Cervical spinal stenosis occurs when one or more bony openings (foramina) within the neck begin to narrow and reduce space for the nerves and/or spinal cord. While rare, cervical stenosis can progress to the point of causing spinal cord compression that results in neurological deficits, called myelopathy. Here’s how this condition can cause numbness, weakness, lack of coordination, pain, and other effects on the body.

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Cervical spinal stenosis with myelopathy is most common in elderly patients Watch: Cervical Spinal Stenosis Video

How Cervical Stenosis with Myelopathy Progresses

Cervical stenosis with myelopathy is typically caused by degenerative changes within the cervical spine’s vertebrae, discs, and/or ligaments. Over time as the cervical spine continues to degenerate, either due to aging or perhaps an injury, one or more of the following may start to encroach upon the spinal canal where the spinal cord is located1:

  • Bone spurs (osteophytes)
  • Disc material that is leaking or broken off
  • Thickened or buckling ligaments

Depending on the location and the extent of the spinal cord compression can affect what type of signs and symptoms may be experienced.

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Signs and Symptoms of Cervical Stenosis with Myelopathy

In the beginning, the signs and symptoms of cervical stenosis with myelopathy may be too subtle to notice or could feel like typical neck pain and stiffness. If cervical myelopathy continues to progress, the signs and symptoms may worsen and include:

  • Reduced fine motor skills. It may become more difficult to write, button a shirt, or type.
  • Changes in gait. Walking may be unsteady or the legs could feel heavy.
  • Numbness or tingling. Sensory deficits can occur anywhere below the level of spinal cord compression, such as in the arms, hands, legs, and/or feet.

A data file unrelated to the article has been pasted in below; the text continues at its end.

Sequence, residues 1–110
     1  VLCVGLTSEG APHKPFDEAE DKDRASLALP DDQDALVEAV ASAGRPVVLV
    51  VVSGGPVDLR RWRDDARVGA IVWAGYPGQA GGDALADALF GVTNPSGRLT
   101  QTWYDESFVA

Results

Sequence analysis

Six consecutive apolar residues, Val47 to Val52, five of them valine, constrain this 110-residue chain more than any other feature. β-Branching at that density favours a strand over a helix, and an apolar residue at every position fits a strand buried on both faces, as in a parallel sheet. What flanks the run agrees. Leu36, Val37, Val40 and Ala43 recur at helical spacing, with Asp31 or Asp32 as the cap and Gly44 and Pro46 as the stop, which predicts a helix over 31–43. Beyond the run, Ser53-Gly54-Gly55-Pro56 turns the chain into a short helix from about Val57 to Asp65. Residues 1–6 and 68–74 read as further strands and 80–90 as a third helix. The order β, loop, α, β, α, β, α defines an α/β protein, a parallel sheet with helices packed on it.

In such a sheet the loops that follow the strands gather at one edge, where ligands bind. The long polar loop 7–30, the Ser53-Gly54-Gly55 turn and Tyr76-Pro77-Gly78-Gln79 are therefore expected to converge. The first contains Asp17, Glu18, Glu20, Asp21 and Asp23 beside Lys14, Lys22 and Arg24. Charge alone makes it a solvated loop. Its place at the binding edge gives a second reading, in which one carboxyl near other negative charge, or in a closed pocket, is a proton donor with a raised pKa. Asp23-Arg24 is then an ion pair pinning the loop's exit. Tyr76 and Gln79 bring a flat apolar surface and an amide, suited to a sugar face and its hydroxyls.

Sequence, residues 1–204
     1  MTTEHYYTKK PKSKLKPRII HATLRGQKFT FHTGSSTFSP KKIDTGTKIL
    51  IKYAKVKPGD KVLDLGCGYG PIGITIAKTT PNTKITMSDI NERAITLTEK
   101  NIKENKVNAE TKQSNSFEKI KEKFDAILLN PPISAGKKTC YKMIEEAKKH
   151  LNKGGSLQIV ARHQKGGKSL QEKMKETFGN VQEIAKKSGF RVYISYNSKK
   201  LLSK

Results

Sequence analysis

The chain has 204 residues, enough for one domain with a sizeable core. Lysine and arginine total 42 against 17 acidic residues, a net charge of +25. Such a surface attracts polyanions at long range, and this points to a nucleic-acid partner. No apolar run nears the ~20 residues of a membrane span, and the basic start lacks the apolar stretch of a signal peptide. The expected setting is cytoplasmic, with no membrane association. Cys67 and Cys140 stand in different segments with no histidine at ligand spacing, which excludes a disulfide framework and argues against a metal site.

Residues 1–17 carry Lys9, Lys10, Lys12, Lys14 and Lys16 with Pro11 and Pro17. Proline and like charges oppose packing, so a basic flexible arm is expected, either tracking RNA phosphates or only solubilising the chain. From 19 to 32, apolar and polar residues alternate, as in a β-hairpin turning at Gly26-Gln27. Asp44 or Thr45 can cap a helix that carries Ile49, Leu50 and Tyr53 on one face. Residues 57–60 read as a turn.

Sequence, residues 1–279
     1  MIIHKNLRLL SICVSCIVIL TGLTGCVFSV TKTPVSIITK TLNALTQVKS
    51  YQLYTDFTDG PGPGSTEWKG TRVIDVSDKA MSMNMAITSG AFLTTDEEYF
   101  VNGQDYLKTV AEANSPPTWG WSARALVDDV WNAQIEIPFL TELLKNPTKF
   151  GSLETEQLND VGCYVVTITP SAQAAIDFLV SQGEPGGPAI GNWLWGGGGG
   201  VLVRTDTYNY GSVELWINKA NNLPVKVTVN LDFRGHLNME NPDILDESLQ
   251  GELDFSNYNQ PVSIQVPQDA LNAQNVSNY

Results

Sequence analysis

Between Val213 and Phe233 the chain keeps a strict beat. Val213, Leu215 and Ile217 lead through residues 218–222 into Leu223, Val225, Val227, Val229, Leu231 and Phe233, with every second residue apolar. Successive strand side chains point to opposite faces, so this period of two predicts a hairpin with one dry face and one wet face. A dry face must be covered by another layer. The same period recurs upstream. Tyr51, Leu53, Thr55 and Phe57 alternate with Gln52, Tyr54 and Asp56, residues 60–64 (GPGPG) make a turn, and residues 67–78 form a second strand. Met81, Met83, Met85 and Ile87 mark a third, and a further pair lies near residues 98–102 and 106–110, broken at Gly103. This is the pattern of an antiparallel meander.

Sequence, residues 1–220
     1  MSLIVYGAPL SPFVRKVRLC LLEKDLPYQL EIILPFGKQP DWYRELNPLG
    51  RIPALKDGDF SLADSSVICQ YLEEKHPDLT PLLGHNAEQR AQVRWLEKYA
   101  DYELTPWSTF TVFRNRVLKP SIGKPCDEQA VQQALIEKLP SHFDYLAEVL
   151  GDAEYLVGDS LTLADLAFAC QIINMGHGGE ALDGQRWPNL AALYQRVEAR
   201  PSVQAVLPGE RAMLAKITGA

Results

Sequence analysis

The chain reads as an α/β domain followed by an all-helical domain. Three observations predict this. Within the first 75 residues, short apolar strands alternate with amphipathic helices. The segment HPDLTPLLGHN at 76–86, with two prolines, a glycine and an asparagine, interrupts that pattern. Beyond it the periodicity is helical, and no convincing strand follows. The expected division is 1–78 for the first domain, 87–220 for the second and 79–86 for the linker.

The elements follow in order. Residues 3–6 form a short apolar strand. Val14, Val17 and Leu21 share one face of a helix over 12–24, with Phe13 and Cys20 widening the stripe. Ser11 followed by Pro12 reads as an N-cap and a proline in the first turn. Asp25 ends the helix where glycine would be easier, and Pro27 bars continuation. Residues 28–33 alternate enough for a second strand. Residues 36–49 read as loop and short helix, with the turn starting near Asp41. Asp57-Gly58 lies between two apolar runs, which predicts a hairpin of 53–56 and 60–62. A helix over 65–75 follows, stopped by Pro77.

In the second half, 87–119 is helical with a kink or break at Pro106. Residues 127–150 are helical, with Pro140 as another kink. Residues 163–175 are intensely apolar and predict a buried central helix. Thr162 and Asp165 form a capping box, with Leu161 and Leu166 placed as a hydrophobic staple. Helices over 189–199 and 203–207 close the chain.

• Weakness. Reduced strength in the arm(s) and/or leg(s) may also occur. If handgrip is affected, it could become more difficult to hold objects.
  • Incontinence. Bowel and/or bladder dysfunction may occur in more severe cases of myelopathy.

It is important to note that cervical myelopathy commonly presents with hand numbness or clumsiness with little or no neck pain. If spinal cord compression continues to worsen, it could eventually result in more severe complications, such as complete loss of function or paralysis in one or more limbs.

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Diagnosing Cervical Stenosis with Myelopathy

Any new or unexplained numbness, weakness, and/or reduced coordination requires a medical evaluation. If your history and physical exam causes the doctor to suspect cervical stenosis with myelopathy, an MRI is likely to be requested. MRI imaging can potentially confirm stenosis and/or spinal cord compression. Electrodiagnostic testing may also be requested to determine whether or not the spinal cord is sending signals as expected.

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Treatment for Cervical Stenosis with Myelopathy

Cervical stenosis with myelopathy typically worsens over time. To reduce the risk for myelopathy to progress to the point of becoming permanently disabling, spinal decompression surgery may be recommended for patients who are good candidates for surgery. Before agreeing to any major surgery, be sure to ask your doctor about the potential benefits, risks, and any alternative treatments if available.

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Learn more:

Spinal Cord Compression and Dysfunction from Cervical Stenosis

Myelopathy Video

References

  • 1.Hochman M, Tuli S. Cervical Spondylotic Myelopathy: A Review. The Internet Journal of Neurology. 2004. 4(1). doi: http://ispub.com/IJN/4/1/12262
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